In the Before Times (something he always called it in his head but never out loud, at least not since that one time he said it and Doc Wendy looked like she’d take his head off) Henry had never been an early riser. His parents, his bosses, his professors, his coaches, they had all tried all sorts of crazy things to get him somewhere on time before ten o’clock. Alarms that were loud enough to tear a hole in his eardrum. Alarms that required he solve a math problem or a puzzle before they shut up. Cold buckets of water. Nothing ever worked for long. Henry just loved his sleep.
Now, in the…whatever time this was, he hadn’t given it a name, really, but now in this time he was sitting on the front porch of the Holly Biddy watching the dawn creep in. Spring in the mountains meant cool afternoons and freezing nights, and he was bundled up in a couple of sweaters and a blanket and watching as his breath came out in white puffs. The cold he could handle. The early morning, once his most hated enemy, he had come to love.
Because of the quiet.
Sleeping inside, spread across three rooms, were five kids. Two ten-year-olds, an eight, a six, and a three. Turns out, when all other alarms fail, half a softball team’s worth of kids who were all into Competitive Screaming will wake you up real fudging fast.
He was only nineteen when the Blues fudged it all up. Home from his freshman year of college, which, thanks to a combination of exhausting practices and underage drinking, he barely remembered anything of. Baseball scholarship. He’d really thought he’d go pro. Maybe he would have.
Mayby’s, as he often told his kids, were for babies.
They lived in Lakewood, so close to Denver they could hear the roars from the football stadium when the wind was right, so there was really no hiding. Maybe his sister had picked it up at cheer camp. Both his parents worked in the city, it could have been either of them. Or it could have been him, he was always taking the train to see a friend out in Golden. The two-week incubation period meant total anonymity. No blame for anyone.
He’d been one of the lucky. Stupid name, really. He’d had to sit there and watch as the same disease that had given him a fever and a headache for less than a week came back for his family and tore through them like they were made of pipe cleaners and tissue paper.
After it seemed like the whole world was dead and there was no reason to stay in the house and every reason to get out, he began walking around his town. Then the neighboring town. He was in the next town over when he heard what at first sounded like the cries of a small dog riding the wind. But as he walked he realized that it was a human, and it was a baby, and even though he knew nothing about babies or even how he was going to take care of himself, he followed the cries to the front door of Sunshine Daycare, a two story blue building with a yellow door and a huge playground in the back. The front door was unlocked and if the baby wasn’t crying on the second floor he would have run from that place and never stopped, at least until the sight of the dead in that first room was erased from his mind. There were eight dead on the floor, and if you added up the ages of the first seven it would be less than the age of the eighth, and the eighth looked barely out of college.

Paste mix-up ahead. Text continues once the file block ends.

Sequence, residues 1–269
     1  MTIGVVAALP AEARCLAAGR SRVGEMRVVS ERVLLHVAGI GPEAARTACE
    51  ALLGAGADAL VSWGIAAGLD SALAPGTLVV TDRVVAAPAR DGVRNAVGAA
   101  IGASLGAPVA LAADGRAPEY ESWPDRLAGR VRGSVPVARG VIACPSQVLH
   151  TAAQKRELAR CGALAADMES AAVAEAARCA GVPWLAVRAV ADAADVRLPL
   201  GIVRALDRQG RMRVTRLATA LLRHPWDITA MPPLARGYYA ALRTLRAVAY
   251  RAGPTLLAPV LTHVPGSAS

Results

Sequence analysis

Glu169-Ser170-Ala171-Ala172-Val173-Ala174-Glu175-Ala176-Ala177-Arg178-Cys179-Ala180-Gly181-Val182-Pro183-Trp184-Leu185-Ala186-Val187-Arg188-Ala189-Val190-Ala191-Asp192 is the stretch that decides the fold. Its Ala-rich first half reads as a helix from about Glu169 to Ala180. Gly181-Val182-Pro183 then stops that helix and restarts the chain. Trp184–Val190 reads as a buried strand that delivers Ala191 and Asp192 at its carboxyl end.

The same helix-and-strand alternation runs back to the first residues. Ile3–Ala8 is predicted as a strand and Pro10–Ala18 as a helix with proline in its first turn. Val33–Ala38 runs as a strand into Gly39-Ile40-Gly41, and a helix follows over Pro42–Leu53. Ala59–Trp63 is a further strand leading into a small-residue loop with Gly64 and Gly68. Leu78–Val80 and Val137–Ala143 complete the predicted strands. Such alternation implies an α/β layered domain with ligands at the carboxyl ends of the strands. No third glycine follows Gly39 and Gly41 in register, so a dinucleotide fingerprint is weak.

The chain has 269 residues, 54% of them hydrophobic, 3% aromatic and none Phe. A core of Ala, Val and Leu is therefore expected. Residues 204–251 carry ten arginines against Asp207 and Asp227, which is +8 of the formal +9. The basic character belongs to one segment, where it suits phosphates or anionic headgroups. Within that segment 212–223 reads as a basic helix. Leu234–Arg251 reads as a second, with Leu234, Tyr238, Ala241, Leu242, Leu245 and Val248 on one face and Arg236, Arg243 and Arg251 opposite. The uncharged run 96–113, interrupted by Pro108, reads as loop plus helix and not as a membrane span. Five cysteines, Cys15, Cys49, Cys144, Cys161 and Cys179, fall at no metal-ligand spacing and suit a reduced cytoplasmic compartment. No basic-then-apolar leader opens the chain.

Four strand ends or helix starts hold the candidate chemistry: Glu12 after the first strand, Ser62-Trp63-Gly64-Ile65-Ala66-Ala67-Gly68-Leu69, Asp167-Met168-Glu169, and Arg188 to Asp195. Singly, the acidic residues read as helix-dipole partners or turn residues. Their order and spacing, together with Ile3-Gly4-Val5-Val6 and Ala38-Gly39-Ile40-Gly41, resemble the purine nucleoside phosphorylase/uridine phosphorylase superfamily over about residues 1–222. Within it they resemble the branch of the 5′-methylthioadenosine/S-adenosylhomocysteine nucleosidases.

But the wails of the child were coming down the staircase in front of him and maybe the baby heard him because they seemed to get louder so up he went. The stairs were painted primary colors and the wall next to him painted blue with white clouds and he imagined the desired effect was to feel he was climbing a rainbow. At the top of the stairs he found a closed door. The baby cried behind it. The door said ‘Infants.’ And for the first, only, and last time, Henry thought about leaving Thea behind. He knew what he would find behind that door. The word on the door was plural but he could only hear one crying and he wasn’t sure he could take it, he was surrounded by death, he could smell it everywhere he went, but if just left he wouldn’t have to see it, he could go somewhere, anywhere, else.
The baby wailed and Henry heard his mother telling him to suck it up and he pulled at the handle and pushed open the door and kept his eyes to floor until he found the crib that was making the noise and dared to look. He knew it was a girl because she was wearing a pink jumper. She had dark brown skin and light brown eyes and a mess of black hair and he didn’t know babies but he could tell she was a little too thin but her lungs were still healthy because she was starting to hurt his ears.
“Hey…hey…baby,” he said. “God, I sound like I’m hitting on someone.”
The baby wailed louder. He picked the baby up, hoping maybe all the baby needed was to be held; that usually helped on TV. But the baby just kept crying and crying. For a few seconds he froze, holding a crying baby like he was holding a football, and then, over the shoulder of the baby, he saw a box of diapers sitting on a counter and he realized what he had to do. But he had no idea how to do it and became deathly afraid that he was going to do it wrong and the baby was going to get infected and it would be another dead baby.
There, on the other side of the counter, was a worn and beaten book covered in stains that promised to teach morons how to take care of babies. Desperate and unable to take the baby’s screams anymore, he put her down on the counter and flipped to a chapter that outlined changing a diaper in ridiculously minute steps.